Dreamwalker Reincarnation Blues: The Ballad of Double D 

by Michelle Antoinette Nicholson 


When Double D returned the first time, 

he arrived at our annual Christmas Eve party 

a brand-new man—an incarnation, shiny 


as the six-inch buckle twanging below his banded Stetson. 

His boots, too, were made of skin, and curved faintly 

toward the popcorn ceiling—the fool, he was in Ruston 


trading controlled flight, pilot lessons 

for trailer life, square cubes floating on 

four fingers of bourbon, a real fancy 


Southern accent, and you bet she sure could cook good— 

oven brisket bbq, no boxed macaroni, fresh corn on the cob— 

all that butter his mama wouldn’t let him eat straight from the tub. 


But the baby wasn’t his, and country was never suited for jazzy sax, electric 

guitar—his first love, native tongue, the home that followed him on the road, 

up the Mississippi, leather repelling the open heavens, rubber gripping hot 


to the highway to show hipsters in St. Louis how he’d play 

their instruments if he were them. Had to trade it all in 

exactly like the van that broke down on that last trip, cuz 


maybe the condom broke and maybe it didn’t 

but the Mandeville rich still practice shotgun weddings 

even if the man is of such low stock he’s never seen a blanket ladder— 


after all, working class works—so he worked for her: credit cards and indentured servitude 

for a mortgage her father paid. He toiled. He teetered for a decade. She got four degrees,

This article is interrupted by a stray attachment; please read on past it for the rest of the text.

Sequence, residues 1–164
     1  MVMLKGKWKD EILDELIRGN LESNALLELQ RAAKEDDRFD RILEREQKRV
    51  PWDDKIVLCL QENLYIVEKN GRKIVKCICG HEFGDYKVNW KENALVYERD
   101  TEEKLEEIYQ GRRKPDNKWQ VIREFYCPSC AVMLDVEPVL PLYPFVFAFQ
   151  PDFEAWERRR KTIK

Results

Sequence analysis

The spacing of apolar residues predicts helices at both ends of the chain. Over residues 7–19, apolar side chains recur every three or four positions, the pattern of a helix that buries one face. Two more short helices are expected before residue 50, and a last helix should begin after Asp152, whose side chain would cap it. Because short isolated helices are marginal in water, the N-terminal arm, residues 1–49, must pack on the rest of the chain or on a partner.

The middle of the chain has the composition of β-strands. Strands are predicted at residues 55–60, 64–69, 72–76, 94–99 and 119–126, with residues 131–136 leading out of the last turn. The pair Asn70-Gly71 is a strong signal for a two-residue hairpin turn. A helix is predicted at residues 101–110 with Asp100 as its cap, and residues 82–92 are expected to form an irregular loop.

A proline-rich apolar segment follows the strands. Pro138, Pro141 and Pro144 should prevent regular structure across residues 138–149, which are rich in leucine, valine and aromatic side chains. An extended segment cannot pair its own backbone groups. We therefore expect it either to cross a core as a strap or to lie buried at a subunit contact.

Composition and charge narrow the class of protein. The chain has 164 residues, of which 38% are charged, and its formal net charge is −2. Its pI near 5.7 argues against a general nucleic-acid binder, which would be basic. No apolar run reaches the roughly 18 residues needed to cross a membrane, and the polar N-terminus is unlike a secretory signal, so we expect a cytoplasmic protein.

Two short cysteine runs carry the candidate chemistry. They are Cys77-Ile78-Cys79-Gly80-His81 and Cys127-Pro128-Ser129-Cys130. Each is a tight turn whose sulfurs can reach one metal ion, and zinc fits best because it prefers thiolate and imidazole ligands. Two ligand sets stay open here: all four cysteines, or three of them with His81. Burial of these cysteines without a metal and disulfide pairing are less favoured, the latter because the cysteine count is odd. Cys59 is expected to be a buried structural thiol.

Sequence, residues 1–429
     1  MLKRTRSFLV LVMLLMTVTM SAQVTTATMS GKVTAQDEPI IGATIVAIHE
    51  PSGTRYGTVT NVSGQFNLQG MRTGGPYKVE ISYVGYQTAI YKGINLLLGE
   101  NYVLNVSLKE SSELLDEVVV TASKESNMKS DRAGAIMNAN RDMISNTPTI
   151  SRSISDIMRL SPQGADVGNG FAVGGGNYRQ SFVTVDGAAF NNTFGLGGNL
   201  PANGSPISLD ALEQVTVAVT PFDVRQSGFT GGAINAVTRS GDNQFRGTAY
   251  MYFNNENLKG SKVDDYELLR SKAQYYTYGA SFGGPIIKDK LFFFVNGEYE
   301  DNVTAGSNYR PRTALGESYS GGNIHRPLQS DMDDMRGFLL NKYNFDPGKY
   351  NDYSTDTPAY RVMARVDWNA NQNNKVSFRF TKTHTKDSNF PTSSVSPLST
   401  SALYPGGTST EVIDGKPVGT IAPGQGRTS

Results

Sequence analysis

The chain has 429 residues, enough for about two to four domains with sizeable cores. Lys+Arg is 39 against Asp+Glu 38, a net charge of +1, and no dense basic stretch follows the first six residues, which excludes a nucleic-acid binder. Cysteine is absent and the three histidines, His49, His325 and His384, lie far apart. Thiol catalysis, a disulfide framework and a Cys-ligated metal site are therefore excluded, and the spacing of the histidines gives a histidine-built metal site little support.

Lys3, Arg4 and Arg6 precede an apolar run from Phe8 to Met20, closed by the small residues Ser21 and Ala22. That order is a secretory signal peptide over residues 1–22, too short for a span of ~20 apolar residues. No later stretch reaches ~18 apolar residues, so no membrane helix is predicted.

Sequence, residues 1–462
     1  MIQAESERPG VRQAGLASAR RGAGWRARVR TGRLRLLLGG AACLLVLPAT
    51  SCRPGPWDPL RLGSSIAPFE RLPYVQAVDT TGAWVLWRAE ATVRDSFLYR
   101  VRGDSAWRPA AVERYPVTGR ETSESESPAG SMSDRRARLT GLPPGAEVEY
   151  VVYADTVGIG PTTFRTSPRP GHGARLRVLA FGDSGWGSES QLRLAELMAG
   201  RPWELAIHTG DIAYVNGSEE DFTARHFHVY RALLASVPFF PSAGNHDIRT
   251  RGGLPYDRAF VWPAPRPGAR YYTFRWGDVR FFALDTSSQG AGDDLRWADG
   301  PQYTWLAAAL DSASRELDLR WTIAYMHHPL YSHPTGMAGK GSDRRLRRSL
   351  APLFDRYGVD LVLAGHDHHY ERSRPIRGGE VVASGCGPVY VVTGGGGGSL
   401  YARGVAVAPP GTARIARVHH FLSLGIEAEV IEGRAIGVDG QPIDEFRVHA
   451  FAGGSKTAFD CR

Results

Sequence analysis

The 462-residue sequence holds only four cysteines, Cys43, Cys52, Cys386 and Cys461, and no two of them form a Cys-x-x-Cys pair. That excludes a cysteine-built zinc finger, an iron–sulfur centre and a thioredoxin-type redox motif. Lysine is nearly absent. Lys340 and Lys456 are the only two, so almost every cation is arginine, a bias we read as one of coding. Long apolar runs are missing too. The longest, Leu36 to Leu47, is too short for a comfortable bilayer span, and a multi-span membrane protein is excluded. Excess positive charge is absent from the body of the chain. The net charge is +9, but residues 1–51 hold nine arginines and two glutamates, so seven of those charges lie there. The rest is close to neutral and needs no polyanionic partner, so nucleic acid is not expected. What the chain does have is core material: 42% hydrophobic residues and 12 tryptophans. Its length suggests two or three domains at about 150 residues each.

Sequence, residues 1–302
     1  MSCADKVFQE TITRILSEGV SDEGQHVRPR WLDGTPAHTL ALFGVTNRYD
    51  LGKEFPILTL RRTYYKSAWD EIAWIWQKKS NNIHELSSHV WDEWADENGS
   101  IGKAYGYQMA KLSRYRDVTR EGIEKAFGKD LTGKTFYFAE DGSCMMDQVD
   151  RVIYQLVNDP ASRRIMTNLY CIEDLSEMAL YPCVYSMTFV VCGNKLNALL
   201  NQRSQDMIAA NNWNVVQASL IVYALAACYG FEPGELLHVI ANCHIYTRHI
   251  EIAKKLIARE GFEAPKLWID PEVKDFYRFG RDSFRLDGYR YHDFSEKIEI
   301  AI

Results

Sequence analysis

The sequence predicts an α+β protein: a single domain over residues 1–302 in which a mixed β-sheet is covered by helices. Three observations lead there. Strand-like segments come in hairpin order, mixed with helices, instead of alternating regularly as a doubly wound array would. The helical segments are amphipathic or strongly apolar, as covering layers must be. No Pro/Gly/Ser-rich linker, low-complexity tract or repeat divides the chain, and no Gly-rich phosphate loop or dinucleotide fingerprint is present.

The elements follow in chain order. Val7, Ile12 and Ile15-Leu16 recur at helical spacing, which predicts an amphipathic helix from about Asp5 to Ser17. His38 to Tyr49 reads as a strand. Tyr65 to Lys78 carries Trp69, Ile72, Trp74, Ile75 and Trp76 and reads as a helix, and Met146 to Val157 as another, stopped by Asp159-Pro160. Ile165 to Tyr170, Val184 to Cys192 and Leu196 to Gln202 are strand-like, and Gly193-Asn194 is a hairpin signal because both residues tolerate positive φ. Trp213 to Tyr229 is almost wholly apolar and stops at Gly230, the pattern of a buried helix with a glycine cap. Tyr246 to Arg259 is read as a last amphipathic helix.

four kids, alimony. He got time. He got free. 


He also got a TikTok account, a room at his parents’ place in Picayune, and a 12-gauge 

ear piercing—a silver hoop. This time, he showed up on my porch, Black Friday, 

with a steel-stringed acoustic, fresh soul patch, and a bottle of peanut butter whiskey. 


We were playing UNO like our elders once did, circled around the dining room table, 

smoking bud instead of tobacco when he gave thanks for enduring the incident— 

the kind our Uncle Harry and cousin Leslie didn’t. I asked him how, 


standing at the lake’s edge, he decided not to do it. He said I didn’t— 

the safety, inexplicably, was on. He took that as a sign from God that he was mistaken. 

He was alive. He could still go home. I told him I agree. 


Maybe he practices good gun safety, but I, too, remember reading bodies, rooms 

instead of scripts: unlocking the door before stuffing paper towels under the running 

faucet, dunking my face into the pool. When the dreamlife becomes dreamwalking, 


we rise from ditches, breathing water, when all we want is a solid rest.

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